Lorenzin, in the electronic version of "1000+ The Amateur Astronomers' Field Guide to Deep Sky Observing", notes: "11.1M; 2.1'x 1' extent; fairly bright oblong with brighter center; photo at HAG-29; cluster of 4 galaxies 1.5 degrees to WSW includes N1035, N1052, N1042 and N1048; all fit in 30' field."

Doig, P. (1925)

Doig, P. (1925) Notes on the nebulae and clusters in Webb's 'Celestial Objects for Common Telescopes' (Sixth edition, Vol.ii). Part I. M.N.R.A.S., 35(5), 159.

Ancient City Astron.Club (1980)

Described as "easily seen in a blank field, round with bright nucleus, fading a little towards the outer edges. 6-inch, 48x."

Steve Gottlieb

02 46.0 -07 35 17.5: very bright, fairly large, elongated 2:1 SSW-NNE, 2.5'x1.2', broad concentration with a large bright core. Irregular mottled appearance or dust or dark lanes on the E side. The west side has a symmetric bulging appearance but there are dark indentations or bays on the NE and SE sides of the halo (probably between the spiral arms).

8: bright, moderately large, elongated. Three mag 9-10 stars lie 13' N, 15' NNE and 16' NNW.

Walter Scott Houston

estimates the magnitude of this isolated galaxy as 10.8.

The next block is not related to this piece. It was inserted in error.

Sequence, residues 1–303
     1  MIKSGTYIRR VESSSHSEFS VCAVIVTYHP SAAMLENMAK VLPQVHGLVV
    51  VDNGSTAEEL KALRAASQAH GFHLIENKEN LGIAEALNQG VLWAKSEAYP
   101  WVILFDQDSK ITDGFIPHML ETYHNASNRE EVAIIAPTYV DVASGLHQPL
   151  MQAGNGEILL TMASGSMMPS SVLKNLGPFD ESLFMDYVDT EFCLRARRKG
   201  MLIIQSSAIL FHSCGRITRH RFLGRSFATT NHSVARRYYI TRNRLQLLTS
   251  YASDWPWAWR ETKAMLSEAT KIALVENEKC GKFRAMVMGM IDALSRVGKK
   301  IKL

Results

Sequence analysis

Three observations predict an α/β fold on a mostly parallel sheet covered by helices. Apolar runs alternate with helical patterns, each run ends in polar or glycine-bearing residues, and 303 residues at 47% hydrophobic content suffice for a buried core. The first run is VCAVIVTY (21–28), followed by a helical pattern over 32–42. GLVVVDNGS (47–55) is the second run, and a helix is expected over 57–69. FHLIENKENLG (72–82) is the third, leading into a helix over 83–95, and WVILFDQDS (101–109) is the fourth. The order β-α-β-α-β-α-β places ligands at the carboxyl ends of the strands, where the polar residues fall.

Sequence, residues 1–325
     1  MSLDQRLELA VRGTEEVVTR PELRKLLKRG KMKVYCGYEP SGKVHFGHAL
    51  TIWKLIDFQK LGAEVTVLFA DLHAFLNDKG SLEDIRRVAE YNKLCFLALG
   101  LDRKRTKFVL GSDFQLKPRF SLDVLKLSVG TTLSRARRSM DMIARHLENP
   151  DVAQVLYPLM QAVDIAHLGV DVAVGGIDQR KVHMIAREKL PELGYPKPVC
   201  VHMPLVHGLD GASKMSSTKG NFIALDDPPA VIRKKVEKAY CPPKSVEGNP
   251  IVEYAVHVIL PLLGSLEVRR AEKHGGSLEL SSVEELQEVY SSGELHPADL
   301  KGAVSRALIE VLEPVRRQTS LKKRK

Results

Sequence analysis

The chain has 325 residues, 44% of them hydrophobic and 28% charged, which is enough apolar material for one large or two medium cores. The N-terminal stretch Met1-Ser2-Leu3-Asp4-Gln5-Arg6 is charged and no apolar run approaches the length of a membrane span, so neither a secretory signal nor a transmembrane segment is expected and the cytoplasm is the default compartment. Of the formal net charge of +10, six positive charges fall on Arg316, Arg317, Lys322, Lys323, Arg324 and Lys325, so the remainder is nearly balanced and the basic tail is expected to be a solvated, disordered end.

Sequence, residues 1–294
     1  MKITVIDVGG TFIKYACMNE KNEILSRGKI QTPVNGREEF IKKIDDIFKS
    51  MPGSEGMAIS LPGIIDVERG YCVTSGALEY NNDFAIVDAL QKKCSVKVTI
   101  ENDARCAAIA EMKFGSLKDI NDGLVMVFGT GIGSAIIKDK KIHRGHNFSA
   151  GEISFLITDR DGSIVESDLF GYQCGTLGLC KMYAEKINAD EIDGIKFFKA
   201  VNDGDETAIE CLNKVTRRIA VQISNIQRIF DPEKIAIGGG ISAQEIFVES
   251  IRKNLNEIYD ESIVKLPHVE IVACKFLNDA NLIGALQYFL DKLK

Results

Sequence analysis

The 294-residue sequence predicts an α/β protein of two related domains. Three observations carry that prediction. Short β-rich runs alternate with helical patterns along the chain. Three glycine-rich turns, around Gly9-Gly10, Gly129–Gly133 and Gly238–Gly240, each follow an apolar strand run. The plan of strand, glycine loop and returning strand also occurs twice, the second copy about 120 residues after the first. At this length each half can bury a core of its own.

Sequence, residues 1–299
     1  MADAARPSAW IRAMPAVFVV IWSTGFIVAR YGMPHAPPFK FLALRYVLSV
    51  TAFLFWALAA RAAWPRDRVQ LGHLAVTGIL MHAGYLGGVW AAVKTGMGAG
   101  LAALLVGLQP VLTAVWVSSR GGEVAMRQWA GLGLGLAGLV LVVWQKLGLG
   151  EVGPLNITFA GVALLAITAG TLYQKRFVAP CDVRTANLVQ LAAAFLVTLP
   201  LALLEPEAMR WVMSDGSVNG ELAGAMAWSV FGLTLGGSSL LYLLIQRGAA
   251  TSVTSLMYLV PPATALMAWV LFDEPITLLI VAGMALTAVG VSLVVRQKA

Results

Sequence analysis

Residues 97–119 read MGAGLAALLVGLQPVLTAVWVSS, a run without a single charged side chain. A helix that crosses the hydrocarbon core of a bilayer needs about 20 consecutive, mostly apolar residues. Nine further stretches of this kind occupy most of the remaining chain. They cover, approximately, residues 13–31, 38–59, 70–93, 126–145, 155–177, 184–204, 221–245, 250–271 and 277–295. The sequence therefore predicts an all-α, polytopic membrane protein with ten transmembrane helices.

Steve Coe

Coe, observing with a 13" f/5.6, notes: "Easily seen at 100X, pretty bright, elongated and somewhat mottled at 180X."

Brian Skiff

Lick: pa40.

15cm - fairly br, circ, evenly illumin'd blob 1' diam.

25cm - curious. br w/hisfcbr in pa15, 1'.75x1'. halo seems in two parts: lg circ one w/sl fntr oval appendage in NE side, which is smlr. quite evenly concen w/o br cen. dk lane occas seen btwn parts.

30cm - easy @ 149x, pa40. broad core that is more def on NW side (dk lane). core oval, 1'.3x0'.8; halo 2'.5x1' overall. no *s nrby.

Contemporary observations

Auke Slotegraaf

1984 December 29

1984 December 29, 00:33-00:38. PRG, Stellenbosch.

Large! and bright. Elongated oval shape. One side (north-west from sketch) seems slightly brighter. Very few field stars.

Using a 15.5-inch telescope at 220x shows this large and bright galaxy as having an elongated oval shape, the northwestern side appearing slightly brighter. Very few field stars in field of view.

Tom Bryant

2011 1 4 20:14:0

Observing site: Little Bennett Regional Park

Telescope: C-11

[2h 46m 0s, -7 35' 0"] A large, elliptical blob. A tilted Sb? NE-SW. No pronounced nucleus. B: Sc.

Richard Ford

2012 December 16th, Sun

Location:Perdeberg.

Sky Conditions:The fainter parts of the Milky Way are barely visible.Haziness only visible on the horizon.Atmosphere stable with little interference.

Instrument:12-inch Dobsonain.

This galaxy's shape is elongated and well defined with two long extensions which is seen at 57x and 75x.This galaxy's nucleus is centrally concentrated as a bright halo of soft light.Some areas of uneven brightness is observed around the far outskirts of this galaxy.No darker areas are noted around this galaxy.This galaxy measures 6.2'x 1.5'with PA NE-to-SW.Challenge Rating:Difficult.Chart:No.179,NSOG Vol.1

Favourite lists

Lacaille's catalogue

The Messier objects

Dunlop's catalogue

The Bennett objects

The Caldwell list

Named DSOs